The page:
Barely two weeks into contract negotiations, city hall and its two largest public-sector unions are girding for a prolonged shutdown of municipal services
Sources with knowledge of the preparations have confirmed that the city planning and solid waste departments have met to plan for a January lockout of up to six months while the parks department is training managers to run Zambonis to avoid a prolonged closing of municipal arenas.
The city exchanged a list of demands with CUPE 416 on Oct. 19, launching the negotiation process that union head Mark Ferguson believes will lead to an all-out lockout of unionized city workers.
The city’s 21-page proposal leaves no aspect of the current collective agreement untouched, according to Mr. Ferguson. He revealed that the city’s demands include terminating CUPE’s employment security provisions – disparagingly known as the jobs-for-life clause – as well as amending or deleting facets of the current contract dealing with worker redeployment, layoff and recall rules, job-posting policies and seniority rights.
In addition, the city is asking for a 10-per-cent rollback of employee benefits.
“We are light-years apart,” Mr. Ferguson said. “We came in with a simple three-page set of proposals that were largely geared at protecting what we have. By contrast, the city is looking to either eliminate or amend every facet of the collective agreement.”
The chair of the Employee and Labour Relations Committee, deputy mayor Doug Holyday, refused to get into the specifics of city demands and chalked up Mr. Ferguson’s statements to “sabre-rattling.”
“It’s improper for the union to go negotiating through the media like this,” he said. “If we did that, they’d be crying from the loudest church steeple.”
When asked if the city is preparing for a labour shutdown of up to six months, as sources have suggested, Mr. Holyday said, “It would be irresponsible for us not to avoid the worst. We don’t wish to have a disruption of any services and that’s not something you can do at the last minute. You have to prepare for all eventualities.”
The city’s contracts with its two largest unions, Local 79 and Local 416, expire on Jan. 1. At any time during bargaining, either side can ask the provincial Ministry of Labour to appoint a conciliator. If they remain at an impasse by Jan. 1, the city or the union can ask the province for a “No Board” report, basically an admission of irreconcilable differences. Seventeen days after the province issues that report – Jan. 19 at the earliest – the parties would be in a legal strike or lockout position.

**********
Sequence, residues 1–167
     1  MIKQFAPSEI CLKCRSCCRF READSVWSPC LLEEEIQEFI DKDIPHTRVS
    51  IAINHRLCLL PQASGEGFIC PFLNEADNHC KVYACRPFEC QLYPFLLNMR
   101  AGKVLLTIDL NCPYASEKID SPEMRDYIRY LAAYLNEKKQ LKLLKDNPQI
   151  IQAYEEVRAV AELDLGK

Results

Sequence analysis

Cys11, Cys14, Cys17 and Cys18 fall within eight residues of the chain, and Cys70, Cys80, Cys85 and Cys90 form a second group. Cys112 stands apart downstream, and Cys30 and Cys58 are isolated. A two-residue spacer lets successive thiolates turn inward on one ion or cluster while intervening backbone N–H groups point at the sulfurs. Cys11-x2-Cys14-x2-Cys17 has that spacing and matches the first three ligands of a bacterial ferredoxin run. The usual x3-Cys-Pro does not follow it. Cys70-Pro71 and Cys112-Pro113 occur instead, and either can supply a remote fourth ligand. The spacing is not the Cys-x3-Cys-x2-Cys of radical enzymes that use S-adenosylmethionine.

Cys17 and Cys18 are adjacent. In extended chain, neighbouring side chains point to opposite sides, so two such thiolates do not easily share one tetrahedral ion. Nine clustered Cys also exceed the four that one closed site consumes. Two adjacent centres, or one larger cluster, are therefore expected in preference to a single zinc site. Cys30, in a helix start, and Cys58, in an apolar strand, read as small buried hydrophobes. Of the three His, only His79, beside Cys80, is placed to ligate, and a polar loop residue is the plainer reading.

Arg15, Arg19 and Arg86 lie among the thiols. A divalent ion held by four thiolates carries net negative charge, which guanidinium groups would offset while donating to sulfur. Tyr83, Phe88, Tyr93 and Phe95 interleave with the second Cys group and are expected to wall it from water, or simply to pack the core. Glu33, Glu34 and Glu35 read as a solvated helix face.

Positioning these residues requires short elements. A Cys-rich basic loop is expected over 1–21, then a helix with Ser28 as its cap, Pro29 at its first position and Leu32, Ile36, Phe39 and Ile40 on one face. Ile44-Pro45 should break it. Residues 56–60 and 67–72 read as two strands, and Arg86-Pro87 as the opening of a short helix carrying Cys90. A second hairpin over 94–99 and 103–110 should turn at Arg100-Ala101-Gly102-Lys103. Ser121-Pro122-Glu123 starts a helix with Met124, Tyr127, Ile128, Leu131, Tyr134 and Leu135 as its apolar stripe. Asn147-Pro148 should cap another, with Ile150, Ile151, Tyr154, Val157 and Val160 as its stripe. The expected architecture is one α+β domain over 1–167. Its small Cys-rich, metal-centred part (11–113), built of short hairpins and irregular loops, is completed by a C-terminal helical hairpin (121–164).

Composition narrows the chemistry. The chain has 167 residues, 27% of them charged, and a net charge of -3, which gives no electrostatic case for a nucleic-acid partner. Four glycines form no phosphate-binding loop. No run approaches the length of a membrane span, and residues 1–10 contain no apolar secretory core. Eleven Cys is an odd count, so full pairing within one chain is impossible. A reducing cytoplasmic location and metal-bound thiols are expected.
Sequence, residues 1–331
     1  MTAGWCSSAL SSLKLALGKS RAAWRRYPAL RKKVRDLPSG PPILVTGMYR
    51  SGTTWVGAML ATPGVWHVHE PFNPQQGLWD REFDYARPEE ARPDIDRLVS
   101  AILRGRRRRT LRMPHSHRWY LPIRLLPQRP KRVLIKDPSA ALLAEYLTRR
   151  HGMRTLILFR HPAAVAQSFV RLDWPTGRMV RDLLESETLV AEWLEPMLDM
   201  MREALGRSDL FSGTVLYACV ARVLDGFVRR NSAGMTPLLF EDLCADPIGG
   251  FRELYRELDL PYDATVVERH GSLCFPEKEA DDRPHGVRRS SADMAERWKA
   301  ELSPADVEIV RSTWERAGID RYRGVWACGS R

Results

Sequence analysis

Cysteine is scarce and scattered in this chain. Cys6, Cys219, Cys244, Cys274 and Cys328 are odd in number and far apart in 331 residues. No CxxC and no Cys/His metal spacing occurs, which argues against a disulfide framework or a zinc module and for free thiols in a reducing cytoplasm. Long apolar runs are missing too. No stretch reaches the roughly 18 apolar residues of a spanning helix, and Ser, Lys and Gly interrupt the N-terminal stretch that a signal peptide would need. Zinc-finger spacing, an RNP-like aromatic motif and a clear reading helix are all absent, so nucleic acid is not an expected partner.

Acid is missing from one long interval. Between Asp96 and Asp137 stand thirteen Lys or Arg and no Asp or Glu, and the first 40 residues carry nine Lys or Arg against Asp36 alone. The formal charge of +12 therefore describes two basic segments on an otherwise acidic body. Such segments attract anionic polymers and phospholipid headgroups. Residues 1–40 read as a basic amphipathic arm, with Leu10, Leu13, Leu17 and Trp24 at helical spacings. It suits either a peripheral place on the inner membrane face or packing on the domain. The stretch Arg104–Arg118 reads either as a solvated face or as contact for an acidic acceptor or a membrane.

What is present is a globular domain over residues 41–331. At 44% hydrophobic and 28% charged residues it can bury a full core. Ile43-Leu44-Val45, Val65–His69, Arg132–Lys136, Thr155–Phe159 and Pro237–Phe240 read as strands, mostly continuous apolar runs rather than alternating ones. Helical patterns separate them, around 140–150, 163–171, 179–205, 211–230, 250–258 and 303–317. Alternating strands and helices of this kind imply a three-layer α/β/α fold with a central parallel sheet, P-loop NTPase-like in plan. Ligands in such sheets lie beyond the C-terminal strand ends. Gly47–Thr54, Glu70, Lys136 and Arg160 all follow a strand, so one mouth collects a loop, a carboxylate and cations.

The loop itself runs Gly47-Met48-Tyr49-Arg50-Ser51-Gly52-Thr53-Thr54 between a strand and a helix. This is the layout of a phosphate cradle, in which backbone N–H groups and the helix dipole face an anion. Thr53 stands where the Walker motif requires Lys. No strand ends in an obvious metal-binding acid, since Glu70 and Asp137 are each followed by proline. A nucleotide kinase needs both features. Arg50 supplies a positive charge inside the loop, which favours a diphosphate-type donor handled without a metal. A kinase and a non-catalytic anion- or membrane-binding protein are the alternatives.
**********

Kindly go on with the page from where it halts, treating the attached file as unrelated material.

Mr. Ferguson said he’s not planning any rotating strikes or work-to-rule so early in the process.
While it is virtually unheard of for any level of government in Canada to lock out its employees without first being provoked by some manner of job action, people familiar with both sides of the bargaining table insist it’s a logical outcome this time around. Since amalgamation, public-sector unions have been able to get an upper hand on city negotiators by timing job action for the hot summer months when public outcry over festering garbage piles forces the city’s hand.
To avert the hue and cry, and push through a settlement on its own terms, the city must reach an agreement during the winter. Assuming the unions remain on the job, a lockout is the only means to that end.
“The only way for an employer to break the pattern of past negotiations is to control it, and the only way to control it in certain circumstances is a lockout,” said Jim Vair, the city’s former chief labour negotiator. “If you don’t like the status quo, which is a summer garbage strike, then you have to make a difficult choice. Otherwise the timing is in the hands of the union.”